Tag Archives: mural

Staircase to a Magical Mural

October 15, 2017 by
Photography by Bill Sitzmann

A house hunting expedition 30 years ago, spurred by the needs of their growing family, eventually led Maureen and Jim Waldron to tour a Spanish-style home of ivory stucco on South 56th Street between Farnam and Harney streets in Omaha’s historic Dundee-Happy Hollow neighborhood.

The size and openness of the living room with its honest-to-goodness slate floor—a testament to 1925 architecture—decorative tiles, carved wood, and wrought-iron accents throughout the house, not to mention several bathrooms, appealed to both their aesthetic and practical senses.

But nothing prepared the couple for what they saw when they passed by the dining room and reached the stairs leading to the second floor.

A mural of a cornfield, in shades of green and accented with gold leaf, filled the east wall adjacent to the staircase and followed the wall’s narrow angle upwards. A second mural of a barn and rustic fence covered the entire wall facing the bottom of the stairs. The artist camouflaged the light switch by making it a part of a fence post. Connecting the two oil paintings, there is a continuation of the field along a narrow strip of wall between the ceiling and the frame of a door leading to the kitchen.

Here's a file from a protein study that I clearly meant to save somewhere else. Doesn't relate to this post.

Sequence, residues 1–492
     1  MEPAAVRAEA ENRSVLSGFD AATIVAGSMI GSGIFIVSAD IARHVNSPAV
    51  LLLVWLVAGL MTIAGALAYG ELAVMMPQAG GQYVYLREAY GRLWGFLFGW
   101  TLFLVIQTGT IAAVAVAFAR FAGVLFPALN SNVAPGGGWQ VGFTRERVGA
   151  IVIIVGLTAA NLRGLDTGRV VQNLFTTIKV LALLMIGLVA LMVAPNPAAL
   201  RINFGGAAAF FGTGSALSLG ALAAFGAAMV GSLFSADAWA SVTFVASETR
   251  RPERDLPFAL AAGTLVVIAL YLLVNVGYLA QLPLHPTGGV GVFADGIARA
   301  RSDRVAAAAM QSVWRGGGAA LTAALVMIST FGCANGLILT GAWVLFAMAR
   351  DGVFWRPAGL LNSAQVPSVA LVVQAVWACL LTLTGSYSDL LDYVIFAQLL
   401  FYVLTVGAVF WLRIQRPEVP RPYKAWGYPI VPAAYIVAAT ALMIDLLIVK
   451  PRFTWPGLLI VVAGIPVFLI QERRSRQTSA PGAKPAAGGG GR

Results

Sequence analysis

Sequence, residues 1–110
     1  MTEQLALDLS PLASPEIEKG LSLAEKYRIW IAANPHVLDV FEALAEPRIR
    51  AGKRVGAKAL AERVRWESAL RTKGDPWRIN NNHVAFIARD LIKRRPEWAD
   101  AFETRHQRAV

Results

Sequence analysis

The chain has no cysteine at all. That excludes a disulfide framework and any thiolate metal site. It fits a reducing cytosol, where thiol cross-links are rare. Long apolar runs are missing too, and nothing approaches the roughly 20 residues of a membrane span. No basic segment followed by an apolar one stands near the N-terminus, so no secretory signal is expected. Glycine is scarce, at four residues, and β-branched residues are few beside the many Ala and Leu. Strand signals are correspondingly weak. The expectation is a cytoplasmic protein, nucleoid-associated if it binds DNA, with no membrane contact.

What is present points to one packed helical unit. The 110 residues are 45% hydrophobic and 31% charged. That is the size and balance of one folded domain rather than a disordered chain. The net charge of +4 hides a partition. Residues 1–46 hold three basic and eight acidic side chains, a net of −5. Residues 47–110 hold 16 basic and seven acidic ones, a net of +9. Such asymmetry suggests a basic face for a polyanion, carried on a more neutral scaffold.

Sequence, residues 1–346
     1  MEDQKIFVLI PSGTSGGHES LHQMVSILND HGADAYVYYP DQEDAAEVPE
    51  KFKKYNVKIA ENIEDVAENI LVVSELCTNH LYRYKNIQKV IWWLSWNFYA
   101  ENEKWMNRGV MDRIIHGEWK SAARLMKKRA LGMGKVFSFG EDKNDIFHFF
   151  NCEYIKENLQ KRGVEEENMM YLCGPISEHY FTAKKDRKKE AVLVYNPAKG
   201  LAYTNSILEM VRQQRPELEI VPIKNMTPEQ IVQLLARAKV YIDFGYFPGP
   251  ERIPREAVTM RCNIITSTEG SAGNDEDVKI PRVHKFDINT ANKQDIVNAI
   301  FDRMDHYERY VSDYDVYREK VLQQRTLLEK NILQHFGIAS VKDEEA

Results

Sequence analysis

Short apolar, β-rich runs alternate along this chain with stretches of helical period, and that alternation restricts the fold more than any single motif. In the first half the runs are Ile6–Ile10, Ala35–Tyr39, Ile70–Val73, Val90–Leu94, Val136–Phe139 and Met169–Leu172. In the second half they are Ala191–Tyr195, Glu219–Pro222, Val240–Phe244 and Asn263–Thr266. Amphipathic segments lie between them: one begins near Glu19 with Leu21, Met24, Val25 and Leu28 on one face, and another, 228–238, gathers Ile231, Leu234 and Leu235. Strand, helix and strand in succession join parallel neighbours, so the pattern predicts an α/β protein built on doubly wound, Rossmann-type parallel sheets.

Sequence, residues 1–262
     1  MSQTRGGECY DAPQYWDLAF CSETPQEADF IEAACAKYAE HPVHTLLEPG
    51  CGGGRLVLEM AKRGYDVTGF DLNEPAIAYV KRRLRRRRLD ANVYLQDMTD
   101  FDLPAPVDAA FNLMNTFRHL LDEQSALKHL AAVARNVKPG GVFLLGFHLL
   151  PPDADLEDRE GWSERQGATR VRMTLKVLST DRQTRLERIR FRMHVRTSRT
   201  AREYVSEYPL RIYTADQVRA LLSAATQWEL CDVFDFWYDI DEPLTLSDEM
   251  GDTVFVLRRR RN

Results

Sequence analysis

Who painted it and when? The Waldrons didn’t know, but they believed only a professional hand could have created something so unique, so vibrant, and so unexpected. Not everyone touring the house that day shared their sentiment.

“Well, this thing is going to have to go in a hurry,” a woman sniffed to her husband, waving her hand dismissively toward the mural.

Maureen remembers closing her eyes and thinking, “Oh please, don’t let this woman get this house. We may not get it, but she doesn’t deserve this house.”

The Waldrons prevailed and so did the painting.

Shortly after moving into their new home, a neighbor, who happened to be an art appraiser, walked across the street and asked Jim and Maureen, “You haven’t touched that mural, have you?”

She had good reason for concern.

The staircase cornfield, the neighbor informed them, was drawn by artist Eugene Kingman. He and his family moved to Omaha in 1946 and lived in the house through the early ’70s, during his tenure as director of the Joslyn Art Museum.

The name Eugene Kingman didn’t ring a bell with either Maureen or Jim. But from that day forward, the couple’s son and daughter, ages 2 and 4 at the time, heard “don’t put your hand on the painting!” every time they climbed the stairway to their rooms.